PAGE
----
For the longest time, I’ve seen and realised that reading has become a lost cause in our country.  Book reading and book selling have become a purely commercial enterprise. Books are sealed away in plastics on store shelves, and one cannot skim through them even without purchasing the book and tearing that plastic off. Very few bookstores seem to bother stocking up on obscure non-fiction that strays from perhaps what is mainstream, but is exactly what we need to read in order to broaden our thinking and learn more than what we are spoon fed. It brings me some comfort to see new stores opening up like Books n Beans that allow people to sit for hours and just browse through books to get a better idea of what they are committing to read. Such ventures make it more about the experience of reading than the concept of simply paying over the counter for a book that will perhaps end up collecting dust in ones shelf.

We need to support such causes and such endeavours if we as a nation are to reconnect with our literary roots. We who claim to be from the land of the poets and Sufis have unfortunately not done justice to our heritage and our past. The written word has lost its significance over the decades, but one can never give up hope. We need to engage with our youth more, and instil in them from a very early age a passion for reading not to pass the time but for the experience itself. That is the only way we can hope to reclaim our past glory and do right by what was done by our forefathers.

Asad Hashim,


The Captain



Cricket is perhaps the only thing relatable and reachable to the common man. You certainly do not need a bank account to enjoy the game. Staying on the subject of money, one also does not need to live an ostentatious lifestyle to watch cricket. No need of spending at food courts of overcrowded and congested malls in the country’s urban centers to watch a mega cricket tournament like the ICC World Cup. It can be viewed in a nice and quiet café, sipping away at some nice sweet tea while enjoying some delicious hot jalebi.

The majority of the country has some really interesting opinions about the game. One particular topic of great interest is who will captain the Pakistan Cricket Team? To some, being the captain of the team is considered to be the 3rd most powerful position in the country. Pakistani cricket has more or less always been synonymous with one man – the legend Imran Khan. His absolute great skill and talent, not only as a player but as a captain, gave us fans amazing memories. When I say memories, I don’t just mean the 1992 World Cup, but memories in the form of players such as Wasim Akram, Inzamamul Haq, Waqar Younis, Moin Khan and Mushtaq Ahmed to say the least. These players were discovered by the great Imran Khan, and these world class players gave us some outstanding performances.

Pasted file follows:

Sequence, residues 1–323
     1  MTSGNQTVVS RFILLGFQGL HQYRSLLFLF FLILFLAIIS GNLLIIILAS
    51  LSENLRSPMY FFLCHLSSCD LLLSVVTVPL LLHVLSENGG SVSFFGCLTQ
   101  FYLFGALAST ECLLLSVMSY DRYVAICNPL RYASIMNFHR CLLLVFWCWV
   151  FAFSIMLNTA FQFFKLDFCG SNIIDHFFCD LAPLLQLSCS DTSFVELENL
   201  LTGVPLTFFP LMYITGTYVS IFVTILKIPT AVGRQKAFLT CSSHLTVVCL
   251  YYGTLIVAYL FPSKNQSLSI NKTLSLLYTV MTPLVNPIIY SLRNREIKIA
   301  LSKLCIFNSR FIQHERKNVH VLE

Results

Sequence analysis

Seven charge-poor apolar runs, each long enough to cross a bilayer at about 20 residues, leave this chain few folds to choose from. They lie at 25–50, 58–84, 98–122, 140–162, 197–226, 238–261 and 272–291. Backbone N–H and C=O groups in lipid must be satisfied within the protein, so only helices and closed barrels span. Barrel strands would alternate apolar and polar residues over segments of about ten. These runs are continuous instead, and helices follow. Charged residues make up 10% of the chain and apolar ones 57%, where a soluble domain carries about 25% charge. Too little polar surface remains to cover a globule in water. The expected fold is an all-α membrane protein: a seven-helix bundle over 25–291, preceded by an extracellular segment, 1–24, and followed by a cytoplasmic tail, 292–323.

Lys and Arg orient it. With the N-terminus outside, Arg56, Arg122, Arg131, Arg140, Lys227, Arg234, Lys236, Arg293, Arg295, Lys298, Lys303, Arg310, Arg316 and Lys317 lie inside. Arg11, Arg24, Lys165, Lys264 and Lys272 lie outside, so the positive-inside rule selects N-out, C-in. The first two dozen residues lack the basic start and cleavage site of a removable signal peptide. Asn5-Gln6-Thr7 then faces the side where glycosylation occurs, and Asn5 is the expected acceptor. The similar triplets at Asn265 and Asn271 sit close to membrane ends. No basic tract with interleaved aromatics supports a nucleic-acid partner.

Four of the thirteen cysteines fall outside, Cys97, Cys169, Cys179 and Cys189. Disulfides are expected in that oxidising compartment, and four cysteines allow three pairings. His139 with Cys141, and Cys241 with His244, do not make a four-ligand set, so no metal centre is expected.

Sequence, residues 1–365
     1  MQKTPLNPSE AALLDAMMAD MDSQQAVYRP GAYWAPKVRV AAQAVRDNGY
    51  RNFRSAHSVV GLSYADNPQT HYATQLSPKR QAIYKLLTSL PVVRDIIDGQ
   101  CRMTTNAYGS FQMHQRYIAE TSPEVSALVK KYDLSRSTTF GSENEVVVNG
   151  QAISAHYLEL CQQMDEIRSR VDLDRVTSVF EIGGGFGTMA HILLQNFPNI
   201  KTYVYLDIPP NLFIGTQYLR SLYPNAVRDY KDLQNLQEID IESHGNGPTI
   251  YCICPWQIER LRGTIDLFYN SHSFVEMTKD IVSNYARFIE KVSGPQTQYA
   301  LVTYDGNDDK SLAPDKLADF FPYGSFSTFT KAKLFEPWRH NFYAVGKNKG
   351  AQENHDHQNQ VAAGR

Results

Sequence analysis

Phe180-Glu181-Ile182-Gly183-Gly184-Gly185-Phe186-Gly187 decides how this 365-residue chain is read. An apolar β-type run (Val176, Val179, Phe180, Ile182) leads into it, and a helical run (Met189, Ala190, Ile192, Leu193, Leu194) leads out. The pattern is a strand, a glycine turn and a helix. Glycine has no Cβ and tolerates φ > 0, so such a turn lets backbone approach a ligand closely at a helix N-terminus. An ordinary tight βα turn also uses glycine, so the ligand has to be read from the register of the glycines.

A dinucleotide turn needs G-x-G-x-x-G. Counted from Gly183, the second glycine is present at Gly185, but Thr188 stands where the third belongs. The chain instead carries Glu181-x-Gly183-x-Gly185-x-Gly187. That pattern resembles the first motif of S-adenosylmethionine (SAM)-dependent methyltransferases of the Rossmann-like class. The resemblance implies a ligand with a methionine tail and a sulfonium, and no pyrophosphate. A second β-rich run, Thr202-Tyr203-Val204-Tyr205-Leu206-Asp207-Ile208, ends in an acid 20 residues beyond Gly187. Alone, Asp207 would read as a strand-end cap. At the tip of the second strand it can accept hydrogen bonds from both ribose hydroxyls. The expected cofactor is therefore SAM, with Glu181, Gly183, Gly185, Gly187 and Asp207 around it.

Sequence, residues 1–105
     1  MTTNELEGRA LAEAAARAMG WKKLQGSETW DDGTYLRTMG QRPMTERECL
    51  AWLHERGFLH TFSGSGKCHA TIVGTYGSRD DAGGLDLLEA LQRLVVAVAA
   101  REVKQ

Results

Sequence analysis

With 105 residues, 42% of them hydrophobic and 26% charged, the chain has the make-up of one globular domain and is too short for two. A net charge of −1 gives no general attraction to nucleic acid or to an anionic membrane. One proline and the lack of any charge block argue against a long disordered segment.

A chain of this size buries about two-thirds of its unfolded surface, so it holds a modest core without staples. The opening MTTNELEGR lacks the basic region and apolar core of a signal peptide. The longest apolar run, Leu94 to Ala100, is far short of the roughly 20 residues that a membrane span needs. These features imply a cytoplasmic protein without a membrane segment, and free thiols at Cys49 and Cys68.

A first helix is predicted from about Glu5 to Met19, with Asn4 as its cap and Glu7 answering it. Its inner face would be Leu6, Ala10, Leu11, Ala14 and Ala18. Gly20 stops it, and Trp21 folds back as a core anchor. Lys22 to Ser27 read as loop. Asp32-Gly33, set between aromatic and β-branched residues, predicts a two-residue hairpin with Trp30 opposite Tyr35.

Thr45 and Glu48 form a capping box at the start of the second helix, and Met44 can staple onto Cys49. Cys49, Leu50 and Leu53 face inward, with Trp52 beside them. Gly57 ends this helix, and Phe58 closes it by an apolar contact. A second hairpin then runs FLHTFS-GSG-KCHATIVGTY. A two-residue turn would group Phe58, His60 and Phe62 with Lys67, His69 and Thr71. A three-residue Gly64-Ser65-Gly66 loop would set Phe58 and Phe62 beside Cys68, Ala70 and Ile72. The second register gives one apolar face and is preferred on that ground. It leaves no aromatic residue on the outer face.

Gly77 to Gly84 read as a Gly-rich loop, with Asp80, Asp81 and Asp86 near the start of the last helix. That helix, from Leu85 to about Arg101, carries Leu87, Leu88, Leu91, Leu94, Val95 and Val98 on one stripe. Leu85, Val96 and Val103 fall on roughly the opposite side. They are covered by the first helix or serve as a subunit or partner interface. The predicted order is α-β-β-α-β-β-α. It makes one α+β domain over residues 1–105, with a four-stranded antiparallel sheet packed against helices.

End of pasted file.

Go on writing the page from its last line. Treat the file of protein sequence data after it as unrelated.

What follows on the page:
The current Pakistani test captain, Misbahul Haq, isn’t that far behind Imran Khan. He might not have the potential to recognise talent like Imran, but his patience and determination is something that should be applause. Like Imran Khan, Misbah too hails from Mianwali, where men are considered to be quite tall and strong.  Misbah is certainly no less. He stands at 6ft 1 and has a very broad physique. He is often termed as a warrior. He might not have the energy and agility of Imran, but he certainly has one thing that no captain has ever possessed – an unflappable temperament. It is because of such a temperament that he has received his recent success. The cool and calm manner in which he goes about his batting, managing his side and dealing with the ever so critical media is really second to none. Yes, it is true that Misbah usually plays in a defensive manner, something that has gotten him unfair criticism and cheap publicity. But if anyone has the slightest understanding of the game knows that when a team is 35 for 4, you can’t exactly go all guns blazing, but rather slowly and gradually build an innings. His knock during the 2nd test against Australia at Abu Dhabi last year, where he scored the fastest half-century and equaled the fastest century record, proves that Misbah is also very fierce with the bat. That innings was played when Pakistan had already put up a good score. One can even say that Misbah does indeed play according to the situation at hand. Wise indeed!

Misbah first came into the test side during Pakistan’s 2001 tour of New Zealand. He played a very patient innings of 28 at Auckland. Unfortunately, we did not get to see Misbah so much in the Pakistan team. Between 2003-2007, Misbah did not play a single test.  A handful of runs in the domestic circuit brought him back into the side. It is said that a person’s true character and test comes into play during the hour of need. Misbah certainly showed such character. He became captain of Pakistan after the horrific 2010 tour of England when Pakistan was rocked by a spot-fixing scandal. Morale was down and all hope seemed lost. However, the silent hero did what needed to be done – keep the focus on the game, do your bit and do not provide any input on how to play the game to any player. With such an approach, Misbah took the team out of misery and earned respect from each and every player.

Misbahul Haq also had to deal with playing the majority of test matches during his captaincy, abroad. Yes, he led a Pakistani team in exile where the current crop of young players dream of test cricket returning back to Pakistan. All in all, Misbah has done a phenomenal job as captain and will hopefully be remembered as one of the best that Pakistan has ever had.

Mohsin Ali Syed,